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Danielle Sharon


BWH Job Title:

Research Assistant

Academic Rank:




Division: Newborn Medicine

Brigham Infant Brain Studies (BIBS)


Danielle Sharon, Elizabeth Singh, Sriya Roychaudhuri, Gabriel Cote Corriveau, Tina Steele, Yvonne Sheldon, Cuddyer, Patricia Flynn, Jessica Pacheco, Katherine Gibson, Elizabeth Kling, Mohamed El-Dib, Bobbi Pineda, Terrie Inder, Carmina Erdei

Serial Neuroimaging and Term-equivalent Age Neurodevelopmental Outcomes of Very Preterm Infants Receiving Tailored Neuropromotive Support in the NICU


Background: Infants born very preterm (VP) undergo rapid brain growth and development prior to term-equivalent age (TEA) while in the neonatal intensive care unit (NICU), a critical window for intervention. Early MRI imaging has the potential to identify infants with neurological injury and may help tailor early neuropromotive interventions to optimize neurodevelopmental outcomes while in the NICU prior to TEA.

1. Use early MRI to stratify VP infants into low-risk or high-risk groups based on degree of brain injury and tailor rehabilitative support according to risk category.
2. Explore associations between rehabilitative intervention, total and regional brain growth and short and long-term outcomes of preterm infants.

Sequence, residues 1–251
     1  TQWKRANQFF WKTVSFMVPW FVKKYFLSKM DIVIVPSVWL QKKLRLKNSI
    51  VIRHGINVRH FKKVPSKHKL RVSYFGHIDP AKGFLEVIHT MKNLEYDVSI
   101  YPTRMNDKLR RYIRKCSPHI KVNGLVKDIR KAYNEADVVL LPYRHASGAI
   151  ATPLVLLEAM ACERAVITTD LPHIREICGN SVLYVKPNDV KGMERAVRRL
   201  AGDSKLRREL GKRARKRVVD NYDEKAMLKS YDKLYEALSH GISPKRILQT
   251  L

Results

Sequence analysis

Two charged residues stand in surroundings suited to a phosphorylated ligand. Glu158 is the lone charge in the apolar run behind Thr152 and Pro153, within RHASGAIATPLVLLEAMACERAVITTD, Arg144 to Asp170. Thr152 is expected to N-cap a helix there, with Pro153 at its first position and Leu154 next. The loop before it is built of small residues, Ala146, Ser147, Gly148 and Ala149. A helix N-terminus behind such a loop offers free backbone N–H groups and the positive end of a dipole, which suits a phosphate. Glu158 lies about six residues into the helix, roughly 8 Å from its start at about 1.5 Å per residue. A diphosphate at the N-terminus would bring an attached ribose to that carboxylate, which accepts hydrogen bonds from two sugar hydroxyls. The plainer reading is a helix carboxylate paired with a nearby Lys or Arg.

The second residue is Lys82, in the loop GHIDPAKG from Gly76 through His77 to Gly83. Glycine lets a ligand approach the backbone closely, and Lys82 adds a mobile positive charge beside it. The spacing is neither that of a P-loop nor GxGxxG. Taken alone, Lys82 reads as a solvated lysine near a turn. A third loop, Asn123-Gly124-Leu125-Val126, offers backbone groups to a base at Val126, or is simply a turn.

Methods: This is a prospective cohort study of infants born <33 weeks gestation age (GA) in a level-III NICU at Brigham and Women’s Hospital. Infants assigned to the exposure group are stratified into low- and high-risk groups based on early MRI and compared with a standard of care group. The exposure is based on the Supporting and Enhancing NICU Sensory Experiences (SENSE) program, with tailored weekly multisensory plans intended to be implemented preferentially by parents with staff and developmental therapists’ support. For infants in the high-risk group, the SENSE program is enhanced with additional, intensive motor and other developmental therapy (SENSE-plus). Serial MRIs are obtained at least three times until TEA, along with routine cranial ultrasound (CUS) per unit guidelines. At TEA, MRI scans are scored using the Kidokoro system and neurodevelopmental status is assessed by the test of infant motor performance (TIMP) and the Hammersmith neonatal neurological exam (HNNE) score. Results: 52 infants have completed the study, including 27 in the SENSE exposure group (19 low-risk and 8 high-risk) and 25 in the standard care (SC) group (non-exposed). Of the 144 MRIs performed, 56 were early (30-34 weeks GA) scans and 57 were at TEA (37-41 weeks GA). The characteristics of the two groups were similar between the exposed and unexposed groups, with mean GA and BW being 29.06 weeks and 1213.93 grams in the exposure group and 28.51 weeks and 1203.56 grams in the non-exposed group. Additionally, the average length of stay for infants in the exposure group was 77 days while for the non-exposure group it was 88 days. In the SENSE low-risk subgroup, 17 (89%) infants had TIMP scores in the Average range compared to 10 (83%) infants in the SC low risk subgroup. In the SENSE high-risk subgroup, 6 (75%) infants had a TIMP score in the Average range compared to 6 (67%) infants in the SC high-risk subgroup. All participants assigned to the SENSE exposure group received 75% or more of the intended multisensory experiences, indicating feasibility with no documented adverse effects. Further advanced MRI and long-term neurodevelopmental outcomes data collection and analyses are in progress. Conclusions: Preliminary analyses at TEA indicate that a neuropromotive program tailored based on the level of neurological risk informed by early brain MRI is feasible, well-tolerated, and shows potential to improve outcomes of infants born very preterm.